Classic Book Review: The Maltese Falcon

Deadly business and passionate love intermingle in 1930’s San Francisco

With ample time in isolation during the pandemic, there has never been a better moment to crack open some classic books and lose yourself in them. New content is constantly coming out, and there existed a pressure before to keep up as opposed to looking back and examining our foundations.

With that in mind, I read “The Maltese Falcon” by Dashiell Hammett, which contributed heavily to the world of hardboiled detective fiction and its adaptation is widely considered the first major American film noir. A prestigious legacy— but does it hold up for a modern audience?

The plot follows Sam Spade, a private detective conjured from the memories of Hammett’s time as a Pinkerton Detective. Spade lacks any kind of sentimentality, but intimately understands others’ emotions as a means to manipulate or extract information out of them. He’s a passionless P.I driven totally by profit, which is how he willingly gets roped into a criminal scheme to obtain the stolen Maltese Falcon which is an artifact of unparalleled value.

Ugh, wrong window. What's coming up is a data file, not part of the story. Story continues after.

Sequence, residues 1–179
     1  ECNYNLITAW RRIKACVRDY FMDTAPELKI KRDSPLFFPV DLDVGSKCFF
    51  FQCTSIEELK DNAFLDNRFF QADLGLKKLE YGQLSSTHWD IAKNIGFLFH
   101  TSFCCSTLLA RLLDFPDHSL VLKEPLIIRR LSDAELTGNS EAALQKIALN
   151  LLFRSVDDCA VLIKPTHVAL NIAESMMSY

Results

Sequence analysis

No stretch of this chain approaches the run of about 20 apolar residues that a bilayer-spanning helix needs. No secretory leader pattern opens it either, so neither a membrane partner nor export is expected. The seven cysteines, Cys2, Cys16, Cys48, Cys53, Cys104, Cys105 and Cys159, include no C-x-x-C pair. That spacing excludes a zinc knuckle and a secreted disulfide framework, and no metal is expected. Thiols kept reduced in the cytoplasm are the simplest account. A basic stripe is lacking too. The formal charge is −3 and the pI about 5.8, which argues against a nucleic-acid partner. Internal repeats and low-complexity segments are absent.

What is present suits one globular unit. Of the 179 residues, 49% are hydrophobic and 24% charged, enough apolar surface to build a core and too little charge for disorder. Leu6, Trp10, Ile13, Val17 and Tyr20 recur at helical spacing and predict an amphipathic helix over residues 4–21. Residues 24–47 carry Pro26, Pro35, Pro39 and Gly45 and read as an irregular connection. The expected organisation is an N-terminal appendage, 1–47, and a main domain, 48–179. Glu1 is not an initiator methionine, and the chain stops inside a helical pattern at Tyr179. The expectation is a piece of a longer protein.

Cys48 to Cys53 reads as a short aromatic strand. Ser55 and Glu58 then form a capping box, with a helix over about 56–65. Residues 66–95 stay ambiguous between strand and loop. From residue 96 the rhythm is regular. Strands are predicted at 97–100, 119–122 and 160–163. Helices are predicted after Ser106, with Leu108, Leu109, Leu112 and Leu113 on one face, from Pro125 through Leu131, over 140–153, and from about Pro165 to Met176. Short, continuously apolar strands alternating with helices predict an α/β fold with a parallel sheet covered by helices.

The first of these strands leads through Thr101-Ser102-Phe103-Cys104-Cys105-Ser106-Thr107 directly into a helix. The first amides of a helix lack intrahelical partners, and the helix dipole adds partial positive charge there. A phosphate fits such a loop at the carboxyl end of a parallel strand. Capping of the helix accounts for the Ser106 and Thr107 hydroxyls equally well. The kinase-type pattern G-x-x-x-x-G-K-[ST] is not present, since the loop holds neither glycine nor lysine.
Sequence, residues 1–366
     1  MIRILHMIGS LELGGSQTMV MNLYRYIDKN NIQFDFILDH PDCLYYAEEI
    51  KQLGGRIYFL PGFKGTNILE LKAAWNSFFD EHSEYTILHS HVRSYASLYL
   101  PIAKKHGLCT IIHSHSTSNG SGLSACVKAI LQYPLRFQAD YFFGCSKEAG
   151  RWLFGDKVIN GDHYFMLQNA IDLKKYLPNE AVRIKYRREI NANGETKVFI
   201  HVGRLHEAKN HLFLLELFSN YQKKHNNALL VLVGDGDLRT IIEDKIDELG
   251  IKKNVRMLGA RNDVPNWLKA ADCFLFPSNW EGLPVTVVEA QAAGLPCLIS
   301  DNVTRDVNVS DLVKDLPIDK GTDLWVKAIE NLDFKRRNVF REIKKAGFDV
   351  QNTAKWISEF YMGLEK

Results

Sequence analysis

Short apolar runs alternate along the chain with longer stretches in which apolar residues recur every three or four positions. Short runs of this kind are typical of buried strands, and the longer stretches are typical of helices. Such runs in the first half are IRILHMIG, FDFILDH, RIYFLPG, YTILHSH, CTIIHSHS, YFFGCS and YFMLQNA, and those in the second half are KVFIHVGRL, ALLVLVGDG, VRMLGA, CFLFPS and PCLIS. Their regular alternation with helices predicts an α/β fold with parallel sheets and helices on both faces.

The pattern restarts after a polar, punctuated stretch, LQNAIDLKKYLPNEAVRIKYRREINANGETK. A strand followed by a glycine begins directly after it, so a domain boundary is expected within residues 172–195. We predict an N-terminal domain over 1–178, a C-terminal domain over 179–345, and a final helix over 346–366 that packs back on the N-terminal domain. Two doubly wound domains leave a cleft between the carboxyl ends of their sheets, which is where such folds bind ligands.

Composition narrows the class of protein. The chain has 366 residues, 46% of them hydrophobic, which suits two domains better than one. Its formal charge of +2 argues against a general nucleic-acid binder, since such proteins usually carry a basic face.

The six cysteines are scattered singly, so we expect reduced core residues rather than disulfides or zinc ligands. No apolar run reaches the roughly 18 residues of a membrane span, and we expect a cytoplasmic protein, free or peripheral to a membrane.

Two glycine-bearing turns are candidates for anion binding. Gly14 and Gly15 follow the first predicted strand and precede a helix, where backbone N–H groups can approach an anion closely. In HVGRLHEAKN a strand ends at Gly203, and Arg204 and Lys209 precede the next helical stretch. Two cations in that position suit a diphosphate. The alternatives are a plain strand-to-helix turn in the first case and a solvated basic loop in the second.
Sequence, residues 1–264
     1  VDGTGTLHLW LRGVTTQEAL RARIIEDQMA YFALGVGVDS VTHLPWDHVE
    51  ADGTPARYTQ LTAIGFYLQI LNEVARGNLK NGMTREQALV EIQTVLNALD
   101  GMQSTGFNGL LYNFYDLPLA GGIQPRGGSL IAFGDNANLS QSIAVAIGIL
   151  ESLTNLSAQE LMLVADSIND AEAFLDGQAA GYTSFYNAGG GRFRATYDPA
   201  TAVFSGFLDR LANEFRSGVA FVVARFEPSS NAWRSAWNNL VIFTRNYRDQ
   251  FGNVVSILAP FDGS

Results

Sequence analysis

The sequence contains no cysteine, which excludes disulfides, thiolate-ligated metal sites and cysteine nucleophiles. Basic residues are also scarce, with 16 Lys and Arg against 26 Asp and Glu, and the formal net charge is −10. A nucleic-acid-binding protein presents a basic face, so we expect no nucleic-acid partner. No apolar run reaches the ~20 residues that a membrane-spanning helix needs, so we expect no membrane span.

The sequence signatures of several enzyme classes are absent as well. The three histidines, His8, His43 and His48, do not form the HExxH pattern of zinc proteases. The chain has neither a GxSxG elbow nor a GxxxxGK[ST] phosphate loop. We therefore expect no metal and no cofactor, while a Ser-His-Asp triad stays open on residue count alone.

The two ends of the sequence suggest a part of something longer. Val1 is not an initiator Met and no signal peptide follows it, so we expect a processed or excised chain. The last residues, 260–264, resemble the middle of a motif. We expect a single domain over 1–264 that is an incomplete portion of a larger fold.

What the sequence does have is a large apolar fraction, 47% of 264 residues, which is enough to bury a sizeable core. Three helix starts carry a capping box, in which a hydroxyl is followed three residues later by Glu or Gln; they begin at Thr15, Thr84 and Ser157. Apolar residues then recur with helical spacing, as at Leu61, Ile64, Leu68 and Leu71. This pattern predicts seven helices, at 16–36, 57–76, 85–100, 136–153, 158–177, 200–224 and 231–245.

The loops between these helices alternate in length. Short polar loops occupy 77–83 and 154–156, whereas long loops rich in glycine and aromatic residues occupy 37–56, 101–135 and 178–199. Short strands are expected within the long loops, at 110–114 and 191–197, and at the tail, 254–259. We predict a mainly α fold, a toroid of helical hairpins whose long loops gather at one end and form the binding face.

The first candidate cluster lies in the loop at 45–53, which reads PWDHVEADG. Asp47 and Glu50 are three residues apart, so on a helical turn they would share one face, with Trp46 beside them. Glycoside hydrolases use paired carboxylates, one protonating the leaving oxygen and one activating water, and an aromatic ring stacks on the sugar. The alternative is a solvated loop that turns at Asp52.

The falcon is brought to Spade’s attention by femme fatale Brigid O'Shaughnessy, who hires him to keep an eye on the multitude of other opportunists hoping to snatch it from under her. This trust is not well founded though, for Spade presents himself to every criminal as a possible ally. If he is motivated by greed, or is simply drawing them in to gain information, is left ambiguous.

All of this criminal drama and finessing is back dropped by a well detailed depiction of San Francisco on the cusp of modernization. There is a palpable urban atmosphere to this story that can be related to by a current audience, yet serves as an interesting glance into a less technological past, when leg work had to be done by hitting the street and talking face to face.

“The Maltese Falcon”, with its intense criminal plot, questionable but capable anti-hero, and distinct setting entertains highly even today. Hammett’s style is terse and direct, keeping the story running at breakneck pace without as much ambling as you might see in other classic literature. If you’re looking for an exciting read loaded with style, I cannot recommend the book enough.

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